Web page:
Where are you from?
Pasadena, Calif. Yes, I was actually born and raised here.
Describe the first time you made a personal connection with outer space.
Ever since I was a pre-teen I loved reading science fiction. I still do.
How did you end up working in the space program?
When I attended California State University Fullerton, my favorite professor was involved with the Apollo program. She encouraged me to go to the University of Arizona in Tucson for graduate school. My advisor was Brad Smith, the leader of the Voyager Imaging team. I talked him into sending me to the Jet Propulsion Laboratory (JPL) to work for the summer, and I've been here ever since.
|"Study lots of math. Math is|
the language of science."
Who inspired you?
My dad inspired me.
What is a Planetary Scientist?
A planetary scientist is a person who studies the planets in our solar system. I analyze data from the Cassini mission at Saturn to learn more about Saturn's moons. I also analyze images from the Mars Reconnaissance Orbiter (MRO), to learn more about the seasonal polar caps on Mars.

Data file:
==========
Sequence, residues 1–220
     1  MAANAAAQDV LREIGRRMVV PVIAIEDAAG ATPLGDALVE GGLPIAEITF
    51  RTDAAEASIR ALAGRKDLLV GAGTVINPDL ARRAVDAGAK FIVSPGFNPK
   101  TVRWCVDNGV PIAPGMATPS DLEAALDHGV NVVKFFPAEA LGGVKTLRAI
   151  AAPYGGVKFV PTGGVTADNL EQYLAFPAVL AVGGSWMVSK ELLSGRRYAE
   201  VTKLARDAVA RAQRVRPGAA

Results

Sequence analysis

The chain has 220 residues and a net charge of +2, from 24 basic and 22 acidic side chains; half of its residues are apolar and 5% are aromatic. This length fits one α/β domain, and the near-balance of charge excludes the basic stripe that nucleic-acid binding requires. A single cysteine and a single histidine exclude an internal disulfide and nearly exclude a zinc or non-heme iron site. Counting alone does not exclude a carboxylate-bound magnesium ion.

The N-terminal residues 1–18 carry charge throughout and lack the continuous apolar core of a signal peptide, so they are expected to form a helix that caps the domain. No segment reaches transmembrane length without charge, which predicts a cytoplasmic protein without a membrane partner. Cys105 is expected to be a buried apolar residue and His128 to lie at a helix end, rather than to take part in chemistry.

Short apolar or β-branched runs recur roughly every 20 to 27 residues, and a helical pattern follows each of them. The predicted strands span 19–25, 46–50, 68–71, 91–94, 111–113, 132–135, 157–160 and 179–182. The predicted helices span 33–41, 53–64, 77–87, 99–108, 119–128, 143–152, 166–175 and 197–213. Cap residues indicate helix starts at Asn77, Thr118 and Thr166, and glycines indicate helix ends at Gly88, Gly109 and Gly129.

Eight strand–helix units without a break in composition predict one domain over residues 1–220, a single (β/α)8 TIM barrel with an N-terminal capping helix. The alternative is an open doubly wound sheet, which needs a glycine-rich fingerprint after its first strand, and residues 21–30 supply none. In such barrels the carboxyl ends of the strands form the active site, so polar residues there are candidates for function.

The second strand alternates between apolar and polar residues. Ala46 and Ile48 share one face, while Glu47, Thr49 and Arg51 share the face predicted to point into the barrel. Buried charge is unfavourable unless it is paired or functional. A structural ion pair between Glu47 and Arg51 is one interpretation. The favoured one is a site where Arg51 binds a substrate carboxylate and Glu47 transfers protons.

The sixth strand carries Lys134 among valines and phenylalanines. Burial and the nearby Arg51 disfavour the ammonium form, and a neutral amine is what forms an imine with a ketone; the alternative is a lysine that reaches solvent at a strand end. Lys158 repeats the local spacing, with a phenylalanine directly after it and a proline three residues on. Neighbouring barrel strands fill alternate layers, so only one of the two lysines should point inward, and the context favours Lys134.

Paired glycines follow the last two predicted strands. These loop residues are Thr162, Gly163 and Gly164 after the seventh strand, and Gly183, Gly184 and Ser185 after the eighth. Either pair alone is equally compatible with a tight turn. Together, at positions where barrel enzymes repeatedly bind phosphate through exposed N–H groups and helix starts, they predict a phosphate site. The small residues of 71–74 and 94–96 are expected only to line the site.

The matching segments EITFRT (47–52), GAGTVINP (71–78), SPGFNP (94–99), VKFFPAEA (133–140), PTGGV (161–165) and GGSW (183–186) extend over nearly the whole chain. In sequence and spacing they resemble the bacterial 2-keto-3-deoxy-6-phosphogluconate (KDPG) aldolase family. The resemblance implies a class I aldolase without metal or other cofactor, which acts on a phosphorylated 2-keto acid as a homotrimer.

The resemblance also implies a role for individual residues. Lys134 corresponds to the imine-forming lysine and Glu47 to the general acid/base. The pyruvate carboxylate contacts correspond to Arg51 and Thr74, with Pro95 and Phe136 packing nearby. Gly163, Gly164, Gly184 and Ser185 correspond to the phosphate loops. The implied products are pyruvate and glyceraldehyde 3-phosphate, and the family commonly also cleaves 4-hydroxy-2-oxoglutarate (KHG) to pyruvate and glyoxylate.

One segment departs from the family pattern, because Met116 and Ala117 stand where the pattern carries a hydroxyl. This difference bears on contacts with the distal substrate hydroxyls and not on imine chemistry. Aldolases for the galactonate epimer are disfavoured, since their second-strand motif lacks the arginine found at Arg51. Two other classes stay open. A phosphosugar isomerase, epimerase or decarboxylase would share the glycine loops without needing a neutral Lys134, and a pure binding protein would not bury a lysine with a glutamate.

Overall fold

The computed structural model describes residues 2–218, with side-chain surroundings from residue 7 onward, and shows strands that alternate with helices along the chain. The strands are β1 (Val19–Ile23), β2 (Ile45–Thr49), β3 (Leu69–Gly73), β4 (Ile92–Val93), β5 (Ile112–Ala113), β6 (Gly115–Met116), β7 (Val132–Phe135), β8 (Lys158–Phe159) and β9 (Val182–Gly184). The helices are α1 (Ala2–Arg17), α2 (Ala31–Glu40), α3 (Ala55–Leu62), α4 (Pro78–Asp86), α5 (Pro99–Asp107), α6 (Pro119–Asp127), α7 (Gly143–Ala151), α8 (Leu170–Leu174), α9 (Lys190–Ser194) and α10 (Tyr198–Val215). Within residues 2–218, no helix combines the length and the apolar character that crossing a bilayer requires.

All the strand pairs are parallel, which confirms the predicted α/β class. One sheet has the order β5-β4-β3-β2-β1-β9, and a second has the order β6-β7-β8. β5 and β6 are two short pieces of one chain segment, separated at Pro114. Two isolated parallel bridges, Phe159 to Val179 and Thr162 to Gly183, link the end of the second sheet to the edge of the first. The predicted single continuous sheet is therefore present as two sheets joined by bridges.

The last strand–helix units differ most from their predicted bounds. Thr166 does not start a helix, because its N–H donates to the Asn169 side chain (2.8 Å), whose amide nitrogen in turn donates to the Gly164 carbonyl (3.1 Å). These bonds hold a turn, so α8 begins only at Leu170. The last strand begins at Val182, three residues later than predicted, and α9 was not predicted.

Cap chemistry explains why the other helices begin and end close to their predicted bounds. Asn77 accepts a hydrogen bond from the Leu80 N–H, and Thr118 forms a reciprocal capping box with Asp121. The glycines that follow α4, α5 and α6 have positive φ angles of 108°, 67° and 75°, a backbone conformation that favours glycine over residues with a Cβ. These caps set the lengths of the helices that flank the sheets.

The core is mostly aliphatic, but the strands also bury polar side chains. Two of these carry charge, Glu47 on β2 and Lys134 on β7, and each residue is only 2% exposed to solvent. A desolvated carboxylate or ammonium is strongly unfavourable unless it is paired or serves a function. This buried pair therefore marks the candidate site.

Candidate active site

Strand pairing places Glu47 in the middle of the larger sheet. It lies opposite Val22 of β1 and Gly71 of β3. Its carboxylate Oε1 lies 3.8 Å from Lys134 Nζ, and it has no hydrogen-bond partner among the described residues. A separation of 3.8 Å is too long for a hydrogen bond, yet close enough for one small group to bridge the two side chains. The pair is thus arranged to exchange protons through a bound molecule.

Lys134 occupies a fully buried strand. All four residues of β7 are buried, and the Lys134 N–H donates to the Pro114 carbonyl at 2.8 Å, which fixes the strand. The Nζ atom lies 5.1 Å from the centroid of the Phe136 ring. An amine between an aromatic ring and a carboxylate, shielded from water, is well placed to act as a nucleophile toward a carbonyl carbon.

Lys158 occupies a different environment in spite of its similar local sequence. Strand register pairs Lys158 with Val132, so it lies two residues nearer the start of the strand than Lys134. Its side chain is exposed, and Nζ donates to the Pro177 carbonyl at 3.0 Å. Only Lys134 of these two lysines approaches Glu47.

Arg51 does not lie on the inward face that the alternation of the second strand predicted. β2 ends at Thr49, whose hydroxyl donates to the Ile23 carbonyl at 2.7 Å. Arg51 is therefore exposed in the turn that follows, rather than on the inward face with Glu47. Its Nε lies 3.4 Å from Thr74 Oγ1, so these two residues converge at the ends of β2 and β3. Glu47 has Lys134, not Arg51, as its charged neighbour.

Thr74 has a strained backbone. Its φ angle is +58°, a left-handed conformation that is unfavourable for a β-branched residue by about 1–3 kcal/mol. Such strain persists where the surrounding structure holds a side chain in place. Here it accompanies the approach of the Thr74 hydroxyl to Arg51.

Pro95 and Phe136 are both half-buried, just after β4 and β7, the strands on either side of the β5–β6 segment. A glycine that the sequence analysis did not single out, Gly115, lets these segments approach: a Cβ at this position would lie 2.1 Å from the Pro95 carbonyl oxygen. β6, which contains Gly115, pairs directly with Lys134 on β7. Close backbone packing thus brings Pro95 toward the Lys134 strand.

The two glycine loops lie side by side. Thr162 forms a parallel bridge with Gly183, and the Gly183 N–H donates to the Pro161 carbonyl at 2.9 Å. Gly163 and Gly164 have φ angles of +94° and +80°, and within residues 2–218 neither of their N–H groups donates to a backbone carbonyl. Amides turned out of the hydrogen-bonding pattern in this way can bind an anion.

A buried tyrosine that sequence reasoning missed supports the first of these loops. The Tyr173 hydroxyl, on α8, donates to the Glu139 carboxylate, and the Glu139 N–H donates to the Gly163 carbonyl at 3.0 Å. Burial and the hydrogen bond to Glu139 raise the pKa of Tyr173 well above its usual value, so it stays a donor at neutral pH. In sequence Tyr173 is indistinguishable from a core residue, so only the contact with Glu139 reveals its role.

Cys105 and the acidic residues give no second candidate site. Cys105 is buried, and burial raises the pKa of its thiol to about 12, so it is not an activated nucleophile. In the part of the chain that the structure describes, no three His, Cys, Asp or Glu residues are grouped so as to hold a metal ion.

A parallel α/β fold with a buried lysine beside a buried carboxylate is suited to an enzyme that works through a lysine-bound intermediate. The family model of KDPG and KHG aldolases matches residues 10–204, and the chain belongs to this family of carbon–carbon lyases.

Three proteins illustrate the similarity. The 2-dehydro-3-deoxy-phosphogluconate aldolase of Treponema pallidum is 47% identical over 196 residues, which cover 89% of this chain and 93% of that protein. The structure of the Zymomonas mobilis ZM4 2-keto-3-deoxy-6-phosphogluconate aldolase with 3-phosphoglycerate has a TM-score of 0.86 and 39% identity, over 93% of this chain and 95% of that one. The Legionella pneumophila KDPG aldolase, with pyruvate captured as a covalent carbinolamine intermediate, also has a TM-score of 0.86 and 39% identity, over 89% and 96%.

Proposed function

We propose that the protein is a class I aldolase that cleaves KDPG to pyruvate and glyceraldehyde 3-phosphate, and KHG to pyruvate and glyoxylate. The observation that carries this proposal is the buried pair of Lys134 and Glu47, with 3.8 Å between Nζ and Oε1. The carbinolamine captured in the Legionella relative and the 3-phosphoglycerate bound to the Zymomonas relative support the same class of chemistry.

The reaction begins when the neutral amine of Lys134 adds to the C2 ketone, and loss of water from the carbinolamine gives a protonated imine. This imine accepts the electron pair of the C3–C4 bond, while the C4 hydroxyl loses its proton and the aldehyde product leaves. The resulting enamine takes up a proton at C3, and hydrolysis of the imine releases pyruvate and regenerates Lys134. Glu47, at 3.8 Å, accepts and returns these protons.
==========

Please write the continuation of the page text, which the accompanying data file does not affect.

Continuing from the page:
Tell us about some favorite moments so far in your career?
Seeing Jupiter's ring for the first time in a Voyager image. Learning that Triton has geysers. Seeing Enceladus' plume in our ultraviolet data. Pondering the mysteries of the polar regions of Mars and marveling at how unearthly they are.
What advice would you give to someone who wants to take the same career path as you?
Be prepared to work very, very hard.
What do you do for fun?
I like to hike, swim, ride my motorcycle, and watch movies and eat popcorn.
If you were talking to a student interested in science and math or engineering, what advice would you give them?
Study lots of math. Math is the language of science.
Last Updated: 1 July 2014
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